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Data Analysis Project


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Welcome to ZOL855 F11!

About the Course:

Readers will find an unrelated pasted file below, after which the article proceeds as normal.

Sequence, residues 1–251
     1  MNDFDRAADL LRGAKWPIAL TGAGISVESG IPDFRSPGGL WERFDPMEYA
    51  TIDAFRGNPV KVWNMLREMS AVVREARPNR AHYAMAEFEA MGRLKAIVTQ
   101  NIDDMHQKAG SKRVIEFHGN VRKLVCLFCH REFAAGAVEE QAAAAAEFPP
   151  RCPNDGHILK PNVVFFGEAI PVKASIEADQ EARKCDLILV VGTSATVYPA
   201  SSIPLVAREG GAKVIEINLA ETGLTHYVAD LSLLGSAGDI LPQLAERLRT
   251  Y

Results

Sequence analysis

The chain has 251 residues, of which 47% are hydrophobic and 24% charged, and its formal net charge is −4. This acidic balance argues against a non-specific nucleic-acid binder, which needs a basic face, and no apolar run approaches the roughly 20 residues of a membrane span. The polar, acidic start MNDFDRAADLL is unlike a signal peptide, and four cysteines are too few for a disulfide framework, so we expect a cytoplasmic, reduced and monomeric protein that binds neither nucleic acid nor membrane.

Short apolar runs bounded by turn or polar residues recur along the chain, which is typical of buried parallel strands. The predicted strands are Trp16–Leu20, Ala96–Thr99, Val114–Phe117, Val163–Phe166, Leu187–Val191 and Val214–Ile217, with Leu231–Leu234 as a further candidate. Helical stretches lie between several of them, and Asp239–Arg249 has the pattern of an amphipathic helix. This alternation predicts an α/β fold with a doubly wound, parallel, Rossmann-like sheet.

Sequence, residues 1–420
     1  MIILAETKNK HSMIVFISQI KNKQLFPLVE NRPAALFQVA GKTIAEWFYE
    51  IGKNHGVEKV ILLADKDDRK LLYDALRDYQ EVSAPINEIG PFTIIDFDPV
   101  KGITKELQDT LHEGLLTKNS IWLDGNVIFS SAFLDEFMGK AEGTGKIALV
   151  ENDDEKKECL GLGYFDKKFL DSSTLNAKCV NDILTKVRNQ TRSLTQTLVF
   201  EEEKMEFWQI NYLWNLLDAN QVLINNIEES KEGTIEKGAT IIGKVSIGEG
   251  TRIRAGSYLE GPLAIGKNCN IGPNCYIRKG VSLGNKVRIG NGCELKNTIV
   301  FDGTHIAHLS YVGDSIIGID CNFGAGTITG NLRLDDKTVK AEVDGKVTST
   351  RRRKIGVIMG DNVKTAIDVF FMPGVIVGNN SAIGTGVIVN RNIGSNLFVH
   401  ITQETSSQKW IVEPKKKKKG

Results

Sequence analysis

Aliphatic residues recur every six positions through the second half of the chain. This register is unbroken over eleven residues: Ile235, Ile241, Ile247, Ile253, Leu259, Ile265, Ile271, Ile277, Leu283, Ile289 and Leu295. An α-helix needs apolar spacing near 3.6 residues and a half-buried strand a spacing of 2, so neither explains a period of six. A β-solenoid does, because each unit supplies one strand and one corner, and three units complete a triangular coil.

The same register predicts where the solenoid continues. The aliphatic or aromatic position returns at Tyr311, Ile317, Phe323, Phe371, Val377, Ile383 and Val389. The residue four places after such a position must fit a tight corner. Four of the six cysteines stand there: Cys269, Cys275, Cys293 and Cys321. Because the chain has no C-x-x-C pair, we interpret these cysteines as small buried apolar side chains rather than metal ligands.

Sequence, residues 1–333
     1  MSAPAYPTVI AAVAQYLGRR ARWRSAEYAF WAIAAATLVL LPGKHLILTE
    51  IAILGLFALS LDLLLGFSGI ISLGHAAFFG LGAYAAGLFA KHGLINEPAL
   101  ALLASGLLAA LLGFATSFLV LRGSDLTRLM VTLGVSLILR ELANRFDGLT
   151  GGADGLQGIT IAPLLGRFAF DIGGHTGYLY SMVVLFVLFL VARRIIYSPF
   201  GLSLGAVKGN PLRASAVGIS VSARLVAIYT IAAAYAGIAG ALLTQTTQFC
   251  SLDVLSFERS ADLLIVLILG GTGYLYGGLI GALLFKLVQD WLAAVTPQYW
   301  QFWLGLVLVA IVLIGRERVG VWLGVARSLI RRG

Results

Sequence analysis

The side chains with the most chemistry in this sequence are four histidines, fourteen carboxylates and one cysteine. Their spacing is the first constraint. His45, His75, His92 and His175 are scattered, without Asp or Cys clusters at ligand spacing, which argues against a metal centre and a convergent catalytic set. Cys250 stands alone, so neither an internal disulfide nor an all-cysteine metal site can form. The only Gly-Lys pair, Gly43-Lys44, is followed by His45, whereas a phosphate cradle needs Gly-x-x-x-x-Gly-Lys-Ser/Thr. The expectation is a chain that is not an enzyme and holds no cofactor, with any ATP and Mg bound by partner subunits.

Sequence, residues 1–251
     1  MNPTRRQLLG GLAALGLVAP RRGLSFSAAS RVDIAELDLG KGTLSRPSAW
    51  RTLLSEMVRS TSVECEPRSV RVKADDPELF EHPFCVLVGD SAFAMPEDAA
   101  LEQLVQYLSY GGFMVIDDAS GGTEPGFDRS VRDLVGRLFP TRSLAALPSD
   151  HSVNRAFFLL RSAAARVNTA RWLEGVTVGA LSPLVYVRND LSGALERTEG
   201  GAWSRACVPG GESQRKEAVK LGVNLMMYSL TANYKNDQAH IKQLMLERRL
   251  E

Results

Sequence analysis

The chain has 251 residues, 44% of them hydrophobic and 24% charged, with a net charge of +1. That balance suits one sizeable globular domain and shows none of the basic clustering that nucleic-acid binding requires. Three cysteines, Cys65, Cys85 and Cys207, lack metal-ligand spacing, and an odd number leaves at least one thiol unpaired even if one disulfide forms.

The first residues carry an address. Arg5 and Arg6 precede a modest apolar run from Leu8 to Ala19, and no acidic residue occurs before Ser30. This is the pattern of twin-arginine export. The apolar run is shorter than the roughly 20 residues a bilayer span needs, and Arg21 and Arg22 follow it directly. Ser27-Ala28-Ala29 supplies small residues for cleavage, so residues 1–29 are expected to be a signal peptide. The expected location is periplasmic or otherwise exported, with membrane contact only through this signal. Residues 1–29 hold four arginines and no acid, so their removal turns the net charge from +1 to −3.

Molecular Evolution focuses on the evolution of macromolecules and the reconstruction of the evolutionary history of genes and organisms. This course touches on both of these aspects of molecular evolution, but is designed primarily to familiarize students with techniques that use information about genetic variation within and between species to estimate population genetic parameters and reconstruct phylogenetic relationships. Thus, we will examine different types of genetic variation, how this variation is assayed, and how the resulting data are analyzed. A major goal of this course is to provide students with experience in making and interpreting phylogenetic trees. While we will focus primarily on the analysis of DNA sequence data, we will also spend time examining other types of data that reflect genetic variation, and that are used to make inferences about population structure and phylogenetic relationships. These include microsatellites, and DNA fingerprinting techniques (AFLP). In each case, we will study and discuss primary literature articles that exemplify the technique, dissecting the data that are presented in the papers. A large part of the course will be taught as a workshop devoted to the analysis of genetic data using the computer programs MEGA5, Mr. Bayes, and several others. Students will learn sequence alignment techniques, and how and when to use distance methods, maximum parsimony, maximum likelihood, and Bayesian approaches. Grades will be based on a classroom presentation (5%), a set of short written assignments to be completed in conjunction with the workshops (25%), a single mid-term exam (30%), and a term project (40%). Performance and participation during class, computer workshops, and in-class exercises, will be used to determine grades for students on the "borderline".


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